Scattered across the surface of the water are smaller chunks of ice known as growlers and bergy bits depending on their size. I managed to reach over and scoop up a small piece that I broke apart and handed around to fellow passengers to taste. Popping a piece in my mouth, it crackled and popped as air bubbles that had been trapped in the ice when it froze were released. I realized that those bubbles were likely tens of thousands of years old, so I was breathing air that could have passed through a wooly mammoth. It is those same bubbles that scientists measure to trace the history of the Earth’s climate.

Small boats float in front of an ice wall on an island
The zodiac boats allowed Bob and his fellow adventurers the chance to get up close to glaciers like this one on Croker Bay in Devon Island. (Bob McDonald)

Farther north, in Croker Bay on Canada’s Devon Island, we motored along the face of a two-kilometre-wide glacier that runs right down to the sea. The jumbled wall of ice towered above our tiny boats. Suddenly, a loud cracking sound followed by a thunderous rumble rolled across the surface of the water. We turned to see a large chunk of ice tumble off the ice wall, sink down, then emerge like a white whale, slowly settling. A new iceberg was born.

In the future, as glaciers retreat inland, this may be a much rarer experience.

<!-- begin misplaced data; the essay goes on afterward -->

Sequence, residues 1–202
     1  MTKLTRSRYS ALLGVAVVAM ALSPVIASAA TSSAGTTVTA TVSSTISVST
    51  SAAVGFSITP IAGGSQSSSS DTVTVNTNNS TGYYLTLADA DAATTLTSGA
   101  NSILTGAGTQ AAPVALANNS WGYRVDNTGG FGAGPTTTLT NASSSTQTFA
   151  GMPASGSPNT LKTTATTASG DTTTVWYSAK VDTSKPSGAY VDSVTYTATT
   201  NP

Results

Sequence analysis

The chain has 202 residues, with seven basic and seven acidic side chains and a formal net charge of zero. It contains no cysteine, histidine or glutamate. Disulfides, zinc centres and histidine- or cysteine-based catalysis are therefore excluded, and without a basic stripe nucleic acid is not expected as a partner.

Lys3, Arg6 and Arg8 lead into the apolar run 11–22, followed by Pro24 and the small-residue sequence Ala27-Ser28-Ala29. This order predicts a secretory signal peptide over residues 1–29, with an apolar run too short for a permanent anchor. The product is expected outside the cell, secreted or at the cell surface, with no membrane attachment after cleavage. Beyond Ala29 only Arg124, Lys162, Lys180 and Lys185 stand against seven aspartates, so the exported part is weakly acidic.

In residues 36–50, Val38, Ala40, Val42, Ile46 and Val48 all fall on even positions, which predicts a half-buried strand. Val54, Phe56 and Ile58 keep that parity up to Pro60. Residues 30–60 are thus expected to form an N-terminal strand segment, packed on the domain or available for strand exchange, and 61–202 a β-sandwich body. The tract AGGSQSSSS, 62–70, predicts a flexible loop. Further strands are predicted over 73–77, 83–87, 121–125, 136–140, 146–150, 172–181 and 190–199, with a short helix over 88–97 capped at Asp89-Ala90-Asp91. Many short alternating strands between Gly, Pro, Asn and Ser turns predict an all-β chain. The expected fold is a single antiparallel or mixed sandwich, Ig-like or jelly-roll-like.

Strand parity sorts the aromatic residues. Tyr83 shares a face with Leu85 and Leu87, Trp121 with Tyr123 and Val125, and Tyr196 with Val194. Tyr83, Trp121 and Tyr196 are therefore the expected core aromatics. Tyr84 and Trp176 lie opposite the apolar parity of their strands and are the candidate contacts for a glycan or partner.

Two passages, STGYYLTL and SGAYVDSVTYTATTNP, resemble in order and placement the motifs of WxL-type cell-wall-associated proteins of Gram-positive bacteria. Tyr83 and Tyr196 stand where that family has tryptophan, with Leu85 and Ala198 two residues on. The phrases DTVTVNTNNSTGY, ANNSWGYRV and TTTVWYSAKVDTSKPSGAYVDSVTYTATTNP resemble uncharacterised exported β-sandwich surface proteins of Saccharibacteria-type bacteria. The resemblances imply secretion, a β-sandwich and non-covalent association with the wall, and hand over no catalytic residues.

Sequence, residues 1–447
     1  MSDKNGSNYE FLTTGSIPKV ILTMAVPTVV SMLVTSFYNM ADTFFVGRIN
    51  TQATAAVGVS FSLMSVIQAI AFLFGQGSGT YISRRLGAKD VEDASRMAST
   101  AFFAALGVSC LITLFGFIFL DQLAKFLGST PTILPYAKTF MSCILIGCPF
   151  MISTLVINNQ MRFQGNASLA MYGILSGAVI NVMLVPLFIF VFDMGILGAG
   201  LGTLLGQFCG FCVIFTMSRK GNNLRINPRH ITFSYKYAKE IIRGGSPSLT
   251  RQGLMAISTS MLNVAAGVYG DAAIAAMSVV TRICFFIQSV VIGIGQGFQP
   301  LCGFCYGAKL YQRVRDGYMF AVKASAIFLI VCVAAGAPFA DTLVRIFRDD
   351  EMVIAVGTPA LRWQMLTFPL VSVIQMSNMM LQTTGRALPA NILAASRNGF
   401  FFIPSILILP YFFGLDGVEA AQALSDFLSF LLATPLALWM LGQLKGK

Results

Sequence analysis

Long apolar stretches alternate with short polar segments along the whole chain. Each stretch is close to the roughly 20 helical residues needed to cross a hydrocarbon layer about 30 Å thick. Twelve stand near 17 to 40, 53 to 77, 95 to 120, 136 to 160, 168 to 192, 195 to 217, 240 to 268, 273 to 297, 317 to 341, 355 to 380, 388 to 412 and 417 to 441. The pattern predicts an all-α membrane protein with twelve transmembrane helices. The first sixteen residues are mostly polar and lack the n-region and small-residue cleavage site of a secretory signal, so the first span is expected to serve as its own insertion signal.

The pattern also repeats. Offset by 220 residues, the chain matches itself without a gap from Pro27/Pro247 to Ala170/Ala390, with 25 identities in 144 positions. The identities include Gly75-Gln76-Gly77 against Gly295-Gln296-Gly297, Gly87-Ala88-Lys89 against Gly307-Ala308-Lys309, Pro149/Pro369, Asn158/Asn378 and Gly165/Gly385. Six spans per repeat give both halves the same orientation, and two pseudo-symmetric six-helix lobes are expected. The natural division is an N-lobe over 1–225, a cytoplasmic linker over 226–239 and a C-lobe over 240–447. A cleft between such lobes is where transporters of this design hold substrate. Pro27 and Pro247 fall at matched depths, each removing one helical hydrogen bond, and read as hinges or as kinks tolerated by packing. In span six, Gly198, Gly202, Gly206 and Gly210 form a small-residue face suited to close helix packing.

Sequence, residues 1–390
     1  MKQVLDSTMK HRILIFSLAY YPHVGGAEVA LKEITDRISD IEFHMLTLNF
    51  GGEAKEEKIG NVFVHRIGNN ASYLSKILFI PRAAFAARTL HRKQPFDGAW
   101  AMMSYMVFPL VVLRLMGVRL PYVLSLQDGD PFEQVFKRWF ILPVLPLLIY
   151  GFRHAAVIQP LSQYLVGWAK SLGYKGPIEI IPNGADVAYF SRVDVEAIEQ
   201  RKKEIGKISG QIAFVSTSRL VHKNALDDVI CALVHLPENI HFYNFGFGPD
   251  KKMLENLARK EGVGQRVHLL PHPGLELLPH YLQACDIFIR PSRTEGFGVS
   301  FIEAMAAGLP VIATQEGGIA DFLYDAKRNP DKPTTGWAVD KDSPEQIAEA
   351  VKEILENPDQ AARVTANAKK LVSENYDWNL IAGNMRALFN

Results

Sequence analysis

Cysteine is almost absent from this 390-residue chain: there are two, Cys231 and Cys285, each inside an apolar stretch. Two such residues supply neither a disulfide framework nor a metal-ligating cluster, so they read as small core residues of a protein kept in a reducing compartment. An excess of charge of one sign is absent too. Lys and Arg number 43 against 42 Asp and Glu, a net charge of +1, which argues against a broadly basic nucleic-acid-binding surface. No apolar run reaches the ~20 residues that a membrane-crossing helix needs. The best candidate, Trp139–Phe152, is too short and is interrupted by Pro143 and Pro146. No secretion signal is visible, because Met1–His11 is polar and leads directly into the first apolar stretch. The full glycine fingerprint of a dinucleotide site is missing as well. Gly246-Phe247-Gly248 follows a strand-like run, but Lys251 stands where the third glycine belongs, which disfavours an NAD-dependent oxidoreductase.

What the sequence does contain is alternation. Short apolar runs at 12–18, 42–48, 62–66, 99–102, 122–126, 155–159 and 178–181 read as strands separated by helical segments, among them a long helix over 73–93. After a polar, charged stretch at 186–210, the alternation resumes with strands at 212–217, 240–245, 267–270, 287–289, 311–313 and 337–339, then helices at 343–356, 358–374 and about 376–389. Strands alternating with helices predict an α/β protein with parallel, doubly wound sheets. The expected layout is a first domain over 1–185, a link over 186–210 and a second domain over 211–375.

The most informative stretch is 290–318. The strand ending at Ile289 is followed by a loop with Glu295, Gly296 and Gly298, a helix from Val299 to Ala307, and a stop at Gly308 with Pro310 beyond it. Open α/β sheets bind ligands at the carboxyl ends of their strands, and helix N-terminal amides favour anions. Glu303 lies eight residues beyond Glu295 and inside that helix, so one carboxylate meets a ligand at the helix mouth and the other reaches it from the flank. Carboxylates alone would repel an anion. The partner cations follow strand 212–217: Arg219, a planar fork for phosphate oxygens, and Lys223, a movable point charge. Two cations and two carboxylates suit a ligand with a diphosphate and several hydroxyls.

On the return trip across the vast expanse of Baffin Bay, about 100 kilometres from shore, we encountered a large swath of floating sea ice. This was not glacial ice, but small floes of the sea ice that forms on Arctic waters in winter. 

Wandering among the ice floes in the zodiacs, we saw standing on one of them the iconic symbol of the north, a polar bear, hunting for seals. That ice is their hunting ground, but there’s less of it than there used to be. The Arctic’s permanent sea ice is shrinking. It’s thinner than in the past, and its minimum extent in the summer is just a little more than half of what it was in the early 1980s — a result of the Arctic warming far faster than the rest of the planet — perhaps as much as four times faster, according to one NASA scientist.

Polar bear on an ice floe
During Bob McDonald’s cruise this summer he saw melting ice first-hand, as well as arctic animals like the polar bear. (Stephen Rose Photography)

As you will hear on this week’s episode of Quirks & Quarks, scientists are studying Canada’s glaciers, gleaning information about the current and past climate, volcanic eruptions — even forest fires — tracing changes over very long time periods. Ice is an invaluable archive of past climate data, which is why scientists are making the effort to study it, and even preserve samples of it, before it disappears. 

Greenland has already lost nearly four trillion tonnes of ice since the 1990s, and the trend is expected to continue. The loss of glacial ice will affect river flows around the world and contribute to sea-level rise. The loss of sea ice will change the temperature and biology of the Arctic Ocean.

Seeing for myself how much ice has been lost in only 14 years, I wonder if we are among the last generations to see many of these magnificent frozen rivers.

WATCH | CBC meteorologist Christy Climenhaga explores the state of Canada’s glaciers.